Food

6 Presidents Who Were Secret Foodies

by Judd Condo

February 20, 2017

U.S. presidents have a larger-than-life quality. But one way presidents get elected is by presenting himself or herself as a common man or woman. And one of the most important ways of doing that is through food. That means, for instance, that Bill Clinton famously hammed it up at McDonald’s, where he chowed on cheeseburgers. George W. Bush ate grilled cheese sandwiches made with Kraft cheese singles and white bread. A lot of presidents favored “down home” fare; Jimmy Carter loved his grits, James Garfield ate squirrel soup, and George H.W. Bush gnawed heartily on Texas barbecue. Donald Trump has already become known as the fast food president. But some presidents made much better choices. For President’s Day, we narrowed down the definitive list of top presidential foodies.

6) Chester A. Arthur (1881–1885)

Arthur served less than a full term—he took over after James Garfield died from complications related to an assassination attempt and he lost his re-election bid—but he has a reputation for having one of the most refined presidential palates. His White House chef remarked, “If gourmetship were the chief ingredient in Presidential greatness, our twenty-first president would score near the top,” wrote Poppy Cannon and Patricia Brooks in The Presidents’ Cookbook, published in 1968. President Arthur’s favorite foods included macaroni pie with oysters, Rhode Island eels, and turtle steak.

5) Theodore Roosevelt (1901–1909) 

Teddy Roosevelt may have fostered a cowboy persona, but he was also a champion of consumers. Along with Harvey Washington Wiley, chief chemist of the Bureau of Chemistry in the Department of Agriculture, Roosevelt passed the 1906 Pure Food and Drugs Act, which essentially turned the Food and Drug Administration into the regulatory agency it is today. But Roosevelt was also a notorious eater. In 1906, The Washington Post attacked the Roosevelts for dining lavishly at the White House, prompting the administration to correct the paper and tout the president’s simple tastes. However, that’s not the whole story. For the then-Vice President Roosevelt’s 42nd birthday (just before President McKinley was assassinated and Roosevelt became the youngest president to serve in the office), he ate a six-course meal consisting of bluepoint oysters; green turtle soup; timbale of peanut ham; crab flake a la newberg; fillet of beef with dickinson green peas and fresh mushrooms sous cloche; quail and bread sauce salad with roman punch and dessert cakes; and lots and lots of coffee.

4) Richard Nixon (1969–1974)

This one comes as a shock, considering Nixon is probably best known for commandeering the White House limo to go on a search for his favorite snack, cottage cheese, which he ate almost obsessively. But Nixon actually had a really solid diet and he would balance out eating large meals at state dinners by having light meals served subsequently. Henry Haller, who served as the White House Chef from 1966 to 1987, recounted that Nixon enjoyed rich foods like beef wellington, duckling a l’orange, homard à l’américaine (lobster sautéed in oil and tomatoes), and macadamia nuts.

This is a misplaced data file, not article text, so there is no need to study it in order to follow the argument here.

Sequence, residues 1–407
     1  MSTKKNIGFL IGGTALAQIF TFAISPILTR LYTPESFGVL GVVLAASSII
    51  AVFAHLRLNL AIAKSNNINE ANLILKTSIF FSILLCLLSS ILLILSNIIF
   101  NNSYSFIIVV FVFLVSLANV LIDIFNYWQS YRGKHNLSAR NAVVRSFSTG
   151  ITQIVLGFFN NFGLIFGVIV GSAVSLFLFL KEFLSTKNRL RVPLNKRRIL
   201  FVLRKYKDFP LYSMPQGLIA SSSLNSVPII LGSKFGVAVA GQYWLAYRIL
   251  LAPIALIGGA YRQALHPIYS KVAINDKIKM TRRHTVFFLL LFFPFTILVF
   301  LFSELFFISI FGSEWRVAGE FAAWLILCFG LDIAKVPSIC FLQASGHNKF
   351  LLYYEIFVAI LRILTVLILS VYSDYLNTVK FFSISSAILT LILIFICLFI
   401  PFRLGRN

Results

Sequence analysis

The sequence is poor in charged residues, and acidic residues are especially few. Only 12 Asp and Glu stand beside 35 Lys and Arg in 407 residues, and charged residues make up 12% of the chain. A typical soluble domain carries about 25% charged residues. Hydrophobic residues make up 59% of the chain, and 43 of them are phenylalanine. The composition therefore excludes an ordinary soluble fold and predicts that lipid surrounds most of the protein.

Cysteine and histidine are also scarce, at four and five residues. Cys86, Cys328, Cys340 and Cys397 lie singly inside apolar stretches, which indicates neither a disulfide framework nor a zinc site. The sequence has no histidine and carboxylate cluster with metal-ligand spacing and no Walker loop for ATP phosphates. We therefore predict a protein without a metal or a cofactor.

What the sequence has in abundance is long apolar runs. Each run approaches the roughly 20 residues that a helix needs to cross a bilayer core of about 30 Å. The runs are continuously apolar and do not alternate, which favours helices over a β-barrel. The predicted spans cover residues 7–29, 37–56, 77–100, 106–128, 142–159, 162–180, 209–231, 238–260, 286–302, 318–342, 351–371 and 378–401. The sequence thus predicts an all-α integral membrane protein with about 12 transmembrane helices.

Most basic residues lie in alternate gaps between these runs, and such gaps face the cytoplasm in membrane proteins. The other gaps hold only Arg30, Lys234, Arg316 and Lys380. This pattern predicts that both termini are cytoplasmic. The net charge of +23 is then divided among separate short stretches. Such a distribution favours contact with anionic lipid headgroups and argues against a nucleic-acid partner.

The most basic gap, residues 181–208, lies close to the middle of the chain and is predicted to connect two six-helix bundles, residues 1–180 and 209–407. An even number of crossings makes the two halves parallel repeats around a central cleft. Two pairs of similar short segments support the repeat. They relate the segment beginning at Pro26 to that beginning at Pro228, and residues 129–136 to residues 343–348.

3) Herbert Hoover (1929–1933)

Hoover and his dog, King Tut

“The best of everything was served—sometimes out of season, often imported,” wrote Cannon and Brooks in The Presidents’ Cookbook. Hoover’s predecessor Calvin Coolidge ate simple meals, but Hoover was determined to elevate the presidential menu. He enjoyed lobster, egg timbales, Virginia ham, black cherries, and gumbo from a small restaurant in Opelousas, Louisiana. And rumor had it that he always went back for seconds.

2) Thomas Jefferson (1801–1809)*

*Much of the credit for Jefferson’s addition here goes to James Hemings, older brother of Sally Hemings

Jefferson’s reputation as the “founding foodie” should actually be credited to James Hemings. In 1874, Jefferson went to Paris to take a governmental post. Jefferson was traveling with Hemings, one of the nearly 200 slaves Jefferson owned. France had abolished slavery over 500 years earlier, and Hemings could have easily gone to court and won his freedom, but Jefferson struck a deal with Hemings in which he would offer Hemings his freedom if Hemings trained in French cooking and teach it to a successor in America. Hemings studied in Paris under a caterer, pastry chef, and chef for five years, and he was eventually freed in 1796. In 2012, author Thomas J. Craughwell recounted this story in the book Thomas Jefferson's Crème Brûlée: How a Founding Father and His Slave James Hemings Introduced French Cuisine to America. Hemings’ recipe for snow eggs, a difficult-to-make custard, remains one of the most famous presidential desserts.

1) Barack Obama (2009–2017)

In the White House, Obama was ever the everyman—his faves included guacamole, chili, pizza, and burgers—but he could be just as much a foodie as any of the presidents before him. He enjoyed eating out at Rick Bayless’ Topolobampo, a cocina-style Mexican restaurant in Chicago, where he would enjoy chilaquiles and Yucatecan roast pork. When in New York, Obama dined at Estela, one of Bon Appétit’s Best New Restaurants in America in 2014, and Marcus Samuelsson’s Red Rooster. In D.C., the Obamas would eat at Wolfgang Puck’s The Source and Rose’s Luxury, the latter being another of Bon Appétit’s top restaurants. And he’s definitely the only president to ever eat at Sukiyabashi Jiro in Tokyo, made famous by the 2011 documentary Jiro Dreams of Sushi. And for that, Obama earns the nod as most refined presidential palate.

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